Service Modeling Standards Extend Reach of XML Family
SML, SML-IF Enable Validation of Sets of Documents
http://www.w3.org/ -- 12 May 2009 -- Today W3C announces new standards that make it possible to use XML tools to improve the quality of increasingly sophisticated systems and services built from the XML family of standards. Now developers can validate sets of XML documents, either in place, using Service Modeling Language 1.1 (SML), or as a package, using SML Interchange Format 1.1 (SML-IF). Validity constraints are expressed using a flexible combination of XML Schema and ISO Schematron, extended for cross-document use.
"These standards reduce integration costs, while preserving vendor neutrality and providing new flexibility for managing sets of linked XML documents," said John Arwe, Chair of the Service Modeling Language Working Group, which produced the new standards.
SML, SML-IF Enable Validation of Sets of XML Documents
To illustrate what SML adds to the XML ecosystem, consider what happens when someone purchases an airline ticket. Suppose the reservation information is stored as an XML document that includes passenger information. The reservation also refers to a second XML document that stores departure time and other information about the flight. One department manages customer information, another manages flight information. Before any transaction with the customer, the airline wants to ensure that the system as a whole is valid. SML allows the airline to verify that certain constraints are satisfied across the reservation and flight data. This makes it easier to manage inconsistencies, and to do so without writing custom code. As a result, the airline lowers the cost of managing tasks such as informing passengers when flight times change.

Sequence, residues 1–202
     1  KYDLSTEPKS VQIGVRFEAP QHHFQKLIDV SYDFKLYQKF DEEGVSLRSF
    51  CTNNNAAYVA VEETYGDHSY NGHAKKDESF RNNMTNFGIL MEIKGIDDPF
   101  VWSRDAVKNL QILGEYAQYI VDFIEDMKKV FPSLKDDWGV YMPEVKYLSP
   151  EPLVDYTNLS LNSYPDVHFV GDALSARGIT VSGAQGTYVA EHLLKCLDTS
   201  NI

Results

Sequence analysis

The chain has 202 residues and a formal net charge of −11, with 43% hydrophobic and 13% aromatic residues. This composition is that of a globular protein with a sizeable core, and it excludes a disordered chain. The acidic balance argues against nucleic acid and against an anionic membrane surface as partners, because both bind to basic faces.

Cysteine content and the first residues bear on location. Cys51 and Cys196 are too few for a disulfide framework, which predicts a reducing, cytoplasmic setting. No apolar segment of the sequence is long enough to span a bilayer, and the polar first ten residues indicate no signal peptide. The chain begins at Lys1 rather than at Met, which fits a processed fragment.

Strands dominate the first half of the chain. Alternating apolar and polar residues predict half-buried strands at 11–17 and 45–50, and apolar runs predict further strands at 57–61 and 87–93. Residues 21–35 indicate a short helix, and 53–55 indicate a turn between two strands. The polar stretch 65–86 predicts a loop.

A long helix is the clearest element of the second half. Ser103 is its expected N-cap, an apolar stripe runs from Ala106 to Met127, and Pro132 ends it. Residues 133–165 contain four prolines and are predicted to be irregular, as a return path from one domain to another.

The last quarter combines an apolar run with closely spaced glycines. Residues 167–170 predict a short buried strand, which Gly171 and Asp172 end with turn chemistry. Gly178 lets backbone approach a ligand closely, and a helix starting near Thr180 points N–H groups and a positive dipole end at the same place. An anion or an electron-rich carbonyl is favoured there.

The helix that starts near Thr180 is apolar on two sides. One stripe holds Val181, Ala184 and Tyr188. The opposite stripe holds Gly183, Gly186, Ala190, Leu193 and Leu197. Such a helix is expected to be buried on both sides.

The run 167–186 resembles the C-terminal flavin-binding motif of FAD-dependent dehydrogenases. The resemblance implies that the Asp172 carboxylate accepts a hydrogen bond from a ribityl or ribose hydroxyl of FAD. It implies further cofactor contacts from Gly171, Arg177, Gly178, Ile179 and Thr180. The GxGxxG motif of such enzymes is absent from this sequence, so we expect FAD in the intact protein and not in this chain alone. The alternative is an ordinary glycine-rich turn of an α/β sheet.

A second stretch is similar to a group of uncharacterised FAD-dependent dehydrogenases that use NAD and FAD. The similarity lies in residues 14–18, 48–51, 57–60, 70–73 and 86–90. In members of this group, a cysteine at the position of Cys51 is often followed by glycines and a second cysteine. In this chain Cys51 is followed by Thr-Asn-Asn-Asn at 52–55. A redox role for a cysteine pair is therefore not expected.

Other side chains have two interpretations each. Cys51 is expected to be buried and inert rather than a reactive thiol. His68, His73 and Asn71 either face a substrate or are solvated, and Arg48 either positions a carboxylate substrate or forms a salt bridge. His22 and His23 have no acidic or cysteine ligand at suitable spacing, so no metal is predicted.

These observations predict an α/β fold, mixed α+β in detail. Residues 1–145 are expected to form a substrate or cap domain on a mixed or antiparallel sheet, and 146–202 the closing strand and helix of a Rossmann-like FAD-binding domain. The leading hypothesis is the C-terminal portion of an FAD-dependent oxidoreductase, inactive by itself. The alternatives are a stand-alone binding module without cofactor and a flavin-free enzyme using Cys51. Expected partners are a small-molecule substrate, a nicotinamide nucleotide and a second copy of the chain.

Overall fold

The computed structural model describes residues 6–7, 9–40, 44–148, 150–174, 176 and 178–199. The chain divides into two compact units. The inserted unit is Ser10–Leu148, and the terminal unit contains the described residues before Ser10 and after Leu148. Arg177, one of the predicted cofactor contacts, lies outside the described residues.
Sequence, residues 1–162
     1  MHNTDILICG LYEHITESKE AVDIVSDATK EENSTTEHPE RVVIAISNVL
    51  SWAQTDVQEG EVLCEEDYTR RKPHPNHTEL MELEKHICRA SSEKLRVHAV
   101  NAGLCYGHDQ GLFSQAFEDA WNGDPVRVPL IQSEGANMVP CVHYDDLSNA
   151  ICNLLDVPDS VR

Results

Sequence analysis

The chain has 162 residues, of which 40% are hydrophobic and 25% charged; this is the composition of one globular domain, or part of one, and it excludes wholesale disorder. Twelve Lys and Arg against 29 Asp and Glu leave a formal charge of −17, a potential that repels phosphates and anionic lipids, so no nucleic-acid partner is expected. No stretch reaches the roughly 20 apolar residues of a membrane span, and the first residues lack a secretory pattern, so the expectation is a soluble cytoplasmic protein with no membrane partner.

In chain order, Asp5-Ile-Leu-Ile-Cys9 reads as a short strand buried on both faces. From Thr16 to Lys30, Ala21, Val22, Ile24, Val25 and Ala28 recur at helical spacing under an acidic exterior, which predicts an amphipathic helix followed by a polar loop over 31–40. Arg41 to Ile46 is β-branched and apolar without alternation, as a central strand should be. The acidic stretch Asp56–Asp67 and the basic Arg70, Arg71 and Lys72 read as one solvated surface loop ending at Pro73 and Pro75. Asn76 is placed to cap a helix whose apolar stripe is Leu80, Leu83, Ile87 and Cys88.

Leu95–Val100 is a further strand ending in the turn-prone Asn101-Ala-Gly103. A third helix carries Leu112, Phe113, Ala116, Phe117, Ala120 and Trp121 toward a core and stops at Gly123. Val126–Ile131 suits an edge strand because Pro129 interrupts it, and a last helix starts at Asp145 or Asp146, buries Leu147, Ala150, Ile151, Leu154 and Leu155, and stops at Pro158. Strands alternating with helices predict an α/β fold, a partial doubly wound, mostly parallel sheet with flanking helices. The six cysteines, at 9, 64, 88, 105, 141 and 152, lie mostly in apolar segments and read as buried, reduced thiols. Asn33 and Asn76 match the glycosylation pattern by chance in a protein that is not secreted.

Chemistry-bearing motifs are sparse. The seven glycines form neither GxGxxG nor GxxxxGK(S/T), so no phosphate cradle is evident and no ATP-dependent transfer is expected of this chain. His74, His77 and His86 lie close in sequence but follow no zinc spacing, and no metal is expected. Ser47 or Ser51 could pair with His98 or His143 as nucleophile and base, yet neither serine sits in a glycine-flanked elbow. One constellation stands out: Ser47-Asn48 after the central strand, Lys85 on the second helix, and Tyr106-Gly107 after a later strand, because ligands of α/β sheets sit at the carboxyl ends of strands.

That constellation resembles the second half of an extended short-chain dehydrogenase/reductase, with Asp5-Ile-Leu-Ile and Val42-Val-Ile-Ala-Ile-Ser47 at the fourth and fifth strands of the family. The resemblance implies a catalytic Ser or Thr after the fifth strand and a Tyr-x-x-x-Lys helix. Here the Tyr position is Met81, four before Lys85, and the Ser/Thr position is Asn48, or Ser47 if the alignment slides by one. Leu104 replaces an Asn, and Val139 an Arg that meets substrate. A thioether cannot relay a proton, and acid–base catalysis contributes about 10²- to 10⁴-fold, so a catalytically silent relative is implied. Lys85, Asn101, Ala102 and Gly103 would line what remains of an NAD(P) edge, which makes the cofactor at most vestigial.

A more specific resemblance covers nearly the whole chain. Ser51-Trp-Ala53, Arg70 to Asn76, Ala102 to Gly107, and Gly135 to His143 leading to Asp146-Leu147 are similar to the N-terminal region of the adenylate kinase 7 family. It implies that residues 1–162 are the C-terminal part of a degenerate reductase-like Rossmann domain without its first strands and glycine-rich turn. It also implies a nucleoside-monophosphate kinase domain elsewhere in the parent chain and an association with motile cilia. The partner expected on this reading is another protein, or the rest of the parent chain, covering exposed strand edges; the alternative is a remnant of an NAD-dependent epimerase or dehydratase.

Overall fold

An organization may also find that it needs to apply additional constraints when using data in a particular context, for example because of local laws. Developers can use SML to layer on context-specific constraints without duplicating content.
Flexibility Helps Address Social Realities
A number of social situations make clear why organizations choose to manage data in smaller pieces, while not wanting to lose the power of schema validation. The same airline also exchanges information with several car rental partners. Rather than build custom applications for sharing information, the airline can use SML-IF to lower the cost of collaboration. SML extends schema processing to "follow links" to provide assurances that linked-to data has the expected structure. SML and SML-IF can be used with any XML vocabulary, and build on existing standards such XML Schema and ISO Schematron.
SML and SML-IF were developed by the Service Modeling Language Working Group which included the following W3C Members: CA, HP, IBM Corporation, and Microsoft Corporation.
About the World Wide Web Consortium (W3C)
The World Wide Web Consortium (W3C) is an international consortium where Member organizations, a full-time staff, and the public work together to develop Web standards and guidelines designed to ensure long-term growth for the Web. Over 400 organizations are Members of the Consortium. W3C is jointly run by the MIT Computer Science and Artificial Intelligence Laboratory (MIT CSAIL) in the USA, the European Research Consortium for Informatics and Mathematics (ERCIM) headquartered in France and Keio University in Japan, and has seventeen outreach offices worldwide. For more information see http://www.w3.org
Testimonials for SML, SML-IF Recommendations
CA is proud to have helped develop a new standard for modeling that will help improve IT management, security, and governance for customers. With the SML extensions, modelers are able to use XML and XML Schema to model the relationships and constraints in their IT environments.— Paul Lipton, vice president of Industry Standards and Open Source, CA
IBM is pleased to work with the W3C and its partners to expand the capabilities of XML to include the interchange of sets of linked documents. Our customers want the flexibility to link and validate content across multiple related XML documents. These standards will ensure that they can do this for XML documents that are created and managed with a variety of systems and tools.— Karla Norsworthy, Vice President, IBM Software Standards
Microsoft Corporation is pleased to see Service Modeling Language 1.1 become a W3C Recommendation. We are committed to enabling interchange of models for services and systems. SML significantly helps reduce complexity and enhances solution interoperability. We congratulate W3C on achieving this important milestone toward an open standard for model interchange.— Megan Wallent, General Manager, Microsoft Corporation